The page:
About as far away on the collegiate athletics spectrum from the NAIA as is possible, the Big Ten Conference’s commissioner, Jim Delany, awaits the next few months with great anticipation. Delany believes he and his fellow Division I-A commissioners have arrived at a workable solution, and now it’s up to the NCAA membership to develop rival plans (the association’s deadline was Aug. 31) for the entire membership to review and discuss between now and the annual convention in January.

Although many are informally calling the I-A commissioners’ restructuring concept unveiled at last January’s NCAA Convention “the Delany proposal,” he is quick to point out that the plan was drafted by the commissioners from seven conferences, including the ACC, SEC, Pac-10, Big Ten and Big East, and was largely put together by the ACC’s Rick Crist. “I think tying it to one person is unfair,” Delany says. “Believe me, if I were the only player, we
wouldn’t be having these discussions at every level.”

At the Division I level, the discussions have fixed on a reality of the democratic process that is both simple and, for the largest universities, increasingly problematic: One institution, one vote. This would be fine with the Division I schools if they felt that each NCAA member institution had an equal stake in the decision-making process. However, Delany says, the institutions that “have the broadest-based programs, have made the largest financial commitment and have achieved the most competitively over time,” feel like they have too little say in legislative matters. “The question is,” he asks, “should Central Michigan, Western Michigan and Eastern Michigan have three times the voting authority of the University of Michigan?”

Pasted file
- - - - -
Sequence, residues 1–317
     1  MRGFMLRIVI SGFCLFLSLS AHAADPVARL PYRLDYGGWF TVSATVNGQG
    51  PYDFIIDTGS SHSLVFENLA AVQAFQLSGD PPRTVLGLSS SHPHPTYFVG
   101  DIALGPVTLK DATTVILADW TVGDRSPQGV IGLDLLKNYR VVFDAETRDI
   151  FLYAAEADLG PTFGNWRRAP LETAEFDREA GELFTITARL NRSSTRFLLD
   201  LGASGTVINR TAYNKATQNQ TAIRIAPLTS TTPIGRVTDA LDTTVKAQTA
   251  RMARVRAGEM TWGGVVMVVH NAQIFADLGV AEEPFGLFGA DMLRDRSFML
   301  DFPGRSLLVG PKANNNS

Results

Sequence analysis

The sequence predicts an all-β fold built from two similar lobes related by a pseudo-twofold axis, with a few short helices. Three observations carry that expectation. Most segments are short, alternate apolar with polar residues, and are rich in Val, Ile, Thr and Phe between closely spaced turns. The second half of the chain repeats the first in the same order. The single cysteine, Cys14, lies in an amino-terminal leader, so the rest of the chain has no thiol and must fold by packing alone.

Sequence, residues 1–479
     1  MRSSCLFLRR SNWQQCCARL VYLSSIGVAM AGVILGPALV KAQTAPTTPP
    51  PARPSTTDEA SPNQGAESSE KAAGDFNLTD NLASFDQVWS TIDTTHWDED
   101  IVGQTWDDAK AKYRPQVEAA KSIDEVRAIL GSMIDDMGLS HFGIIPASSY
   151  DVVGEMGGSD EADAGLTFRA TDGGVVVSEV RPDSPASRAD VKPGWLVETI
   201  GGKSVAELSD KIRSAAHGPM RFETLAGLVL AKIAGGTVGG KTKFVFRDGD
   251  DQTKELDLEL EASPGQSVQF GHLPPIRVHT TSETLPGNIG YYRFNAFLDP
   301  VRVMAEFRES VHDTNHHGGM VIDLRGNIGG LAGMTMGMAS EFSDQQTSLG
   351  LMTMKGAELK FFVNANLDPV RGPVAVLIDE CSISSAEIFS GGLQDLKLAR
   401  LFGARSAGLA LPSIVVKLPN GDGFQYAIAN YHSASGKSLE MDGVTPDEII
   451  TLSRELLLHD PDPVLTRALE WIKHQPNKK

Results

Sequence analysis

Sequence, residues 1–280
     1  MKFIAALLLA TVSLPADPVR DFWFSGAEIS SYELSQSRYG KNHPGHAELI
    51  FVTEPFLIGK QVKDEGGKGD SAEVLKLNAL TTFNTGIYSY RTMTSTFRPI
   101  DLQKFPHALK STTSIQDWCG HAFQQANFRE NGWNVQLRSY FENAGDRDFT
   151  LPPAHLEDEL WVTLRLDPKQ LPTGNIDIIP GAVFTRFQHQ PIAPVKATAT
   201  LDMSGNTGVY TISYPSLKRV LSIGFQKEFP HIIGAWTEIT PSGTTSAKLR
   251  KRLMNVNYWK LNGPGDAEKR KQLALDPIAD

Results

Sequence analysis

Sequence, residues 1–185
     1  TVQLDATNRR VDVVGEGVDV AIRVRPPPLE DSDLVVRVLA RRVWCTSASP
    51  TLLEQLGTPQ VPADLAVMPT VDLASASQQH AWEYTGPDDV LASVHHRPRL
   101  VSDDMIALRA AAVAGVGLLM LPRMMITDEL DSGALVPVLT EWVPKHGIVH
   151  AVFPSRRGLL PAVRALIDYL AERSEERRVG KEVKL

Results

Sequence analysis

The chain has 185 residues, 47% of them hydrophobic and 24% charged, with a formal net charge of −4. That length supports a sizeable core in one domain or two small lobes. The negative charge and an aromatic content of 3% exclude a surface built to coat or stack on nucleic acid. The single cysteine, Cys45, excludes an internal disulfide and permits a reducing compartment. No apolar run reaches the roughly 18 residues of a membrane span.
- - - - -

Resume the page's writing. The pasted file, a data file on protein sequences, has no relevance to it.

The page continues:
To combat what Delany calls “an environment where those who contribute 80 percent of the revenue and competitive success get 30 percent of the voting power,” the commissioners’ proposal would grant legislative authority to a board of directors (as well as give voting rights to a small number of schools from the other divisions), shifting the NCAA from a democratic to a representative system.

“You’d be shifting to giving Division I schools maybe 50 to 55 percent of the political authority,” Delany says. “There would be representation for everyone, except that those who were once the majority would no longer be the majority.”

That possibility is serving as a wake-up call for smaller institutions, who under the current system have wielded their considerable power to block Division I policy initiatives that they felt weren’t (for them) philosophically defensible or financially feasible. And yet, despite smaller schools’ fears of diluted powers, the system to a degree already skews power toward the larger institutions.

For example, Division I schools receive 22 votes on the President’s Commission and NCAA Council to 11 each for Divisions II and III. Says John Harvey, AD at Division III Carnegie-Mellon University, “When the Football Rules committee voted to change the goal posts, we got all ticked off in Division III because it was going to cost us all more money, but we got outvoted. So the fact that our membership is the biggest doesn’t necessarily give us more weight.”